“This is direct contradiction of DOE/NNSA policy and what we believed in,” Chiou wrote to Franco, Bryson and others. “It is most important that we have the information (regardless official or unofficial) so that we as [the Carlsbad Field Office of the Energy Department] can make better informed decisions as best we could. However, it may not work that way as it seems. … I hope that we can do better in getting relevant information from LANL so we can make a better decision for the WIPP project.”
After a conference call with LANL officials, WIPP decision-makers on May 30 sent workers in protective suits into the room to collect samples. But a June 17 report by LANL personnel based at WIPP found the intense underground flare may have destabilized up to 55 more drums of waste that were in close proximity to Waste Drum 68660 when it ruptured, calling into question whether they, too, had become poised to burst.
“[The high heat event] may have dried out some of the unreacted oxidizer-organic mixtures increasing their potential for spontaneous reaction,” the report said. “The dehydration of the fuel-oxidizer mixtures caused by the heating of the drums is recognized as a condition known to increase the potential for reaction.”
Keeping secrets
Frustrations over LANL’s reluctance to share what it knew about Waste Drum 68660 had been percolating at WIPP long before the discovery of the memo that suggested the drum contained all the ingredients of a patented plastic explosive.
A May 5 email between WIPP employee James Willison and federal contractor Fran Williams suggested LANL was reluctant to acknowledge the most basic details about what Waste Drum 68660 held.
“LANL used a wheat-based kitty litter rather than clay-based kitty litter as a stabilizer,” Willison wrote. “They fessed up after we nailed down the general area. … At least now we know.”
“Wow,” Williams responded. “How bad is that?”
On paper, the volatile combination of contents inside the drum that burst were not evident to experts who reviewed them because they were not included in the list of ingredients Los Alamos is required to generate for regulatory purposes and to assure the waste is stable enough to be accepted at WIPP.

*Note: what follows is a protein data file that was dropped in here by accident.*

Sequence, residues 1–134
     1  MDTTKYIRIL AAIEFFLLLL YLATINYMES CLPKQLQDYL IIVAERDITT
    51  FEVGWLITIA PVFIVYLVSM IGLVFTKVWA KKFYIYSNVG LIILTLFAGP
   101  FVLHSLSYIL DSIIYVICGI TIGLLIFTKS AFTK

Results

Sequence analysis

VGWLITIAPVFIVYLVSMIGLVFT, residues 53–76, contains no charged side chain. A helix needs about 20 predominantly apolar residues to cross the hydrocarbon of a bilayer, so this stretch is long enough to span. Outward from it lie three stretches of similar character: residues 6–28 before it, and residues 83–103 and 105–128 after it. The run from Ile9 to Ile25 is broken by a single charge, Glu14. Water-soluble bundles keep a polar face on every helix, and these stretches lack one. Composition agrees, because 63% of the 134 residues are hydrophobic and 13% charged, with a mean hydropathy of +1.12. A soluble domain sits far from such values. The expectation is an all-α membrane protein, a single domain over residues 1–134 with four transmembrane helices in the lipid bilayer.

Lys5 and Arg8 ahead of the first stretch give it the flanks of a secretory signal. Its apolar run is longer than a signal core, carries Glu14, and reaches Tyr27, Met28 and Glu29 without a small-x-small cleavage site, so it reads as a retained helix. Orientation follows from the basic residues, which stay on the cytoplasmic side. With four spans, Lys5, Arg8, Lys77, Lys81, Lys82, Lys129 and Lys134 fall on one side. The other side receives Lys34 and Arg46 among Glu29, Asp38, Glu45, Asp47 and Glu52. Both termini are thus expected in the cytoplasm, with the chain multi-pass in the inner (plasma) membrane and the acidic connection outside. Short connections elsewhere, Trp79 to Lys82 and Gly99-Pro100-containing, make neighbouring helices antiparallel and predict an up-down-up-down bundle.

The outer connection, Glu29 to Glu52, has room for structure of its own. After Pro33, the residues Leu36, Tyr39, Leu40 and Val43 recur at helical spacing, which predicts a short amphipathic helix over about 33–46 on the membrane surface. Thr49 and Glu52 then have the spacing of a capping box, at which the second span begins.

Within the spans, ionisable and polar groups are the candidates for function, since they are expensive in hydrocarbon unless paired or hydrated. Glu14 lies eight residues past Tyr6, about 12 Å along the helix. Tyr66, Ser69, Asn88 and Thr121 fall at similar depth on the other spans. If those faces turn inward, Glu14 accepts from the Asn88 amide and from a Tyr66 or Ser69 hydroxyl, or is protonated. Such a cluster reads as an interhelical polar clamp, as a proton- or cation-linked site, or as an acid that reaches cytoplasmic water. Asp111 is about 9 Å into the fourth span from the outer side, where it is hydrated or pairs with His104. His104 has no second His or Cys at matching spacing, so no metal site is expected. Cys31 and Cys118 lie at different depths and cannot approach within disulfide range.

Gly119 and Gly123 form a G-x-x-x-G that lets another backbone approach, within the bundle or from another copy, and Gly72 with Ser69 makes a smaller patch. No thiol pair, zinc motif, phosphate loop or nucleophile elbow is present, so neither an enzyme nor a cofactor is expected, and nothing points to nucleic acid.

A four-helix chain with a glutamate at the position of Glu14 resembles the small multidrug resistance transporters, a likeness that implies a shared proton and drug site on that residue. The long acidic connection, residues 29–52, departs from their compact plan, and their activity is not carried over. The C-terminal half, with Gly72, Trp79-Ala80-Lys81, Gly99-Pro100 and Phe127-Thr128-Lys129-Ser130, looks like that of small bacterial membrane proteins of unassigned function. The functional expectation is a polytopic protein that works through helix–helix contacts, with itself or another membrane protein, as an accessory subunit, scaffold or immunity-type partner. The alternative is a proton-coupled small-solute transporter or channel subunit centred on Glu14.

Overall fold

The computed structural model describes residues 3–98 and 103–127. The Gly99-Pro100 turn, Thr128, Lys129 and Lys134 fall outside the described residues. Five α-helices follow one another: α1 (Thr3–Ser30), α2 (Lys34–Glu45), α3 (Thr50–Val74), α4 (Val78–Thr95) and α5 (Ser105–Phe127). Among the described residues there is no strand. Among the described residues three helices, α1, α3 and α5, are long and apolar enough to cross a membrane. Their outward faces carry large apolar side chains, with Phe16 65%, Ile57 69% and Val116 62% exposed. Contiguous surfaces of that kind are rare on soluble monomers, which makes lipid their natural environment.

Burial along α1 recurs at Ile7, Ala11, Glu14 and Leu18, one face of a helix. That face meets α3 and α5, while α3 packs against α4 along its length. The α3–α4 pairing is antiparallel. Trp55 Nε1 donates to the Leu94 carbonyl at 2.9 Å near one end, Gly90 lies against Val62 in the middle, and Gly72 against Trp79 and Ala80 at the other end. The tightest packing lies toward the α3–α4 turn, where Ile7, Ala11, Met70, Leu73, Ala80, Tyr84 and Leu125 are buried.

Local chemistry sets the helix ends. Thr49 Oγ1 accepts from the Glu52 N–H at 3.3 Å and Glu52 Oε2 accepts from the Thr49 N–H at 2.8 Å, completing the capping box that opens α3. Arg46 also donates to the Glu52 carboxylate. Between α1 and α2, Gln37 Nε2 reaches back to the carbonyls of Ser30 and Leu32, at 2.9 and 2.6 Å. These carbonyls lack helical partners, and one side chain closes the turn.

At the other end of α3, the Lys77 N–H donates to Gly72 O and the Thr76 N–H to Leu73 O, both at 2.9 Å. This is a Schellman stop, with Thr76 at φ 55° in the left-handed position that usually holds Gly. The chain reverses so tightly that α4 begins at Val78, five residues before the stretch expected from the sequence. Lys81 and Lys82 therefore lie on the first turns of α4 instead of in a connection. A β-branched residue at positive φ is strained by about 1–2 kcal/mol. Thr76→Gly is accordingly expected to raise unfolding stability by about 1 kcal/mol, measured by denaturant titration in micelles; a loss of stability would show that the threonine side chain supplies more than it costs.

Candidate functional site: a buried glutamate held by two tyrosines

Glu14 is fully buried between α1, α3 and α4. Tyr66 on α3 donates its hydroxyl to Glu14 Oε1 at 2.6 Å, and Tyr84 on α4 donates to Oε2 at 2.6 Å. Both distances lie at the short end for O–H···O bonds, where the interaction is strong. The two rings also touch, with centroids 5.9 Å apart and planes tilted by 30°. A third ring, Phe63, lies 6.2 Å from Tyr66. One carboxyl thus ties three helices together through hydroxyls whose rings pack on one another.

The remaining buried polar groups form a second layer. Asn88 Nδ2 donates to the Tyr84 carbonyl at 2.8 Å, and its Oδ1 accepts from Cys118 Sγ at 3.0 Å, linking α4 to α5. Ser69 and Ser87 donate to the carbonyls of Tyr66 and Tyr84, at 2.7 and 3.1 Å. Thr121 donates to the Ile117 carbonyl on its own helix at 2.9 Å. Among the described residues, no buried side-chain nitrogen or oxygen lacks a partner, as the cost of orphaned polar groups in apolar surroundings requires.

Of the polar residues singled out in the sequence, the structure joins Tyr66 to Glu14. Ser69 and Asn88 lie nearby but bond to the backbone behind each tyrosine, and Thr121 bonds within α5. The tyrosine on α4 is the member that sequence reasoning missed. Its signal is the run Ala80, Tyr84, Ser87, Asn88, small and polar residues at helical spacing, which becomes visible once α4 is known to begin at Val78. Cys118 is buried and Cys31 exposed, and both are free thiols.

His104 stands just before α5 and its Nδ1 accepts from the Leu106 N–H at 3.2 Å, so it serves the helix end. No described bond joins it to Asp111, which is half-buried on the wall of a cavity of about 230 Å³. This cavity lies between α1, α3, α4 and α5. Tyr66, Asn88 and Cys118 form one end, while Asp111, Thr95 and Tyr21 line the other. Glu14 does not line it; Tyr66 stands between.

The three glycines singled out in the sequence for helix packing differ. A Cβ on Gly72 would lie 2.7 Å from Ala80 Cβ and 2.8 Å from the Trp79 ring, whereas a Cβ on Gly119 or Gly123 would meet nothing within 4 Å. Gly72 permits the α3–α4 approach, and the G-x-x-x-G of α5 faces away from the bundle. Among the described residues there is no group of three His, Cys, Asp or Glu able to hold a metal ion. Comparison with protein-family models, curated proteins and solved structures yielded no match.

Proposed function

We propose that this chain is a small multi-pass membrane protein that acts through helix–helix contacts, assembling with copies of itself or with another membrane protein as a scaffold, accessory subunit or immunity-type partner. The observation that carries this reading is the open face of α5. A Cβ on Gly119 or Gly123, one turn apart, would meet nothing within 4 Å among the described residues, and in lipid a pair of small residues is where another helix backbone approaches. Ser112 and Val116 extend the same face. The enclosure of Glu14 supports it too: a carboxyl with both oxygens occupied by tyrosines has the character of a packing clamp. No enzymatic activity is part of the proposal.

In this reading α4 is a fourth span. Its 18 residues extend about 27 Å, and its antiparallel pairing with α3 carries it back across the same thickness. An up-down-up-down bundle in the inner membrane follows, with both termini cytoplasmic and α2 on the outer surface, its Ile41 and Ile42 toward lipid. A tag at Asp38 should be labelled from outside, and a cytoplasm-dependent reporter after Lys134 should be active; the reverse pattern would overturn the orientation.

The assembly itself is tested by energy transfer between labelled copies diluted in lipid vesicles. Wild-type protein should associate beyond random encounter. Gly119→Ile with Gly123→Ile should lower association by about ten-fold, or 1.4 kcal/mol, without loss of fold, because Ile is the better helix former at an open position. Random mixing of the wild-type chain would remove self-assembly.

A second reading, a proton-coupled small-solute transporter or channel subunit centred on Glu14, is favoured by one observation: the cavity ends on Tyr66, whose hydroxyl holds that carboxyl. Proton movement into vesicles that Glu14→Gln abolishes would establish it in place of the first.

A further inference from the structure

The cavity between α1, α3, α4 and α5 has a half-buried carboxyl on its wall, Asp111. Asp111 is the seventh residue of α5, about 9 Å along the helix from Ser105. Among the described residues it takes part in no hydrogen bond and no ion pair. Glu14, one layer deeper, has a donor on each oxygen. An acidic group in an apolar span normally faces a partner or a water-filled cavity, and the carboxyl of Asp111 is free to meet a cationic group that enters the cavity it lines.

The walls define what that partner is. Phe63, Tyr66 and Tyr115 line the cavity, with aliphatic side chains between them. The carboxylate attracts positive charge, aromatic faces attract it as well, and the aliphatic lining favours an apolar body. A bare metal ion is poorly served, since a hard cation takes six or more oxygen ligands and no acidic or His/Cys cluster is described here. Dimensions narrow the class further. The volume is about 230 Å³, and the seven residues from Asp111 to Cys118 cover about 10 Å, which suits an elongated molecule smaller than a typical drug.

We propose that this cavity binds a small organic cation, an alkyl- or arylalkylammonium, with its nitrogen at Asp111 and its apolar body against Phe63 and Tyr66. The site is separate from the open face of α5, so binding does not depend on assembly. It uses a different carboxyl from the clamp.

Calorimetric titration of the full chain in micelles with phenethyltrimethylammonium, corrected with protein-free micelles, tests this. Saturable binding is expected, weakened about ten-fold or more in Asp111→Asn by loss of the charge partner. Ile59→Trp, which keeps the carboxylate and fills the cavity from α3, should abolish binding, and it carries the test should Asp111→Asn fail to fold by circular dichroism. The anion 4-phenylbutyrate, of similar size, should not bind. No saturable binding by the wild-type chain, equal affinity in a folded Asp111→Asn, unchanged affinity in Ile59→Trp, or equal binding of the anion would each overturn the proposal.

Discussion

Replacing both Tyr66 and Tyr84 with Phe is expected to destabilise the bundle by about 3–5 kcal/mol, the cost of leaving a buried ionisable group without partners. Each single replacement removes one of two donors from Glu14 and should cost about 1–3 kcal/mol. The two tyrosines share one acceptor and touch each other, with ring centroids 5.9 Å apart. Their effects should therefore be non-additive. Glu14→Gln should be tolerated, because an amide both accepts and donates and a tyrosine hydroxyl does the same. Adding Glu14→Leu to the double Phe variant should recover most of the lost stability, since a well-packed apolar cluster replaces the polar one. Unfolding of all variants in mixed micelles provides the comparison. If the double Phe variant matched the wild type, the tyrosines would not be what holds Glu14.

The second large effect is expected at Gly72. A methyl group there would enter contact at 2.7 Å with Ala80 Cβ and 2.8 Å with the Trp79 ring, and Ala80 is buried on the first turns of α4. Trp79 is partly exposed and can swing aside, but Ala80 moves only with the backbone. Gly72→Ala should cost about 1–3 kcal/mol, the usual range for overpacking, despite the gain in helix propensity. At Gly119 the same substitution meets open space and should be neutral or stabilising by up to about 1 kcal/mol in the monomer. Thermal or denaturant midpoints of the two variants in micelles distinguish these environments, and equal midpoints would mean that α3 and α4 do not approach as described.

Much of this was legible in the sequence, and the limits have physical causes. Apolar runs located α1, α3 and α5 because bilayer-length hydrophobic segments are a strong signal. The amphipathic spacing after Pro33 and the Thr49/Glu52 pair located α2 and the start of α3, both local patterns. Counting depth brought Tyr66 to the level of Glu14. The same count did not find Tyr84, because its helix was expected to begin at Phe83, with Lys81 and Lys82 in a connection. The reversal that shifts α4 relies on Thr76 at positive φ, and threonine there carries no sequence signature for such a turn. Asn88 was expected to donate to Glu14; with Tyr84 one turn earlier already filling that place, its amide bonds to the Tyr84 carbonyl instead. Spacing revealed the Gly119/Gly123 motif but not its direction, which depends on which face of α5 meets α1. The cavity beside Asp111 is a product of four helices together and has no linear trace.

- See more at: http://www.lasg.org/press/2014/SFNM_16Nov2014.html#sthash.OyAxVRJE.dpuf
“This is direct contradiction of DOE/NNSA policy and what we believed in,” Chiou wrote to Franco, Bryson and others. “It is most important that we have the information (regardless official or unofficial) so that we as [the Carlsbad Field Office of the Energy Department] can make better informed decisions as best we could. However, it may not work that way as it seems. … I hope that we can do better in getting relevant information from LANL so we can make a better decision for the WIPP project.”
After a conference call with LANL officials, WIPP decision-makers on May 30 sent workers in protective suits into the room to collect samples. But a June 17 report by LANL personnel based at WIPP found the intense underground flare may have destabilized up to 55 more drums of waste that were in close proximity to Waste Drum 68660 when it ruptured, calling into question whether they, too, had become poised to burst.
“[The high heat event] may have dried out some of the unreacted oxidizer-organic mixtures increasing their potential for spontaneous reaction,” the report said. “The dehydration of the fuel-oxidizer mixtures caused by the heating of the drums is recognized as a condition known to increase the potential for reaction.”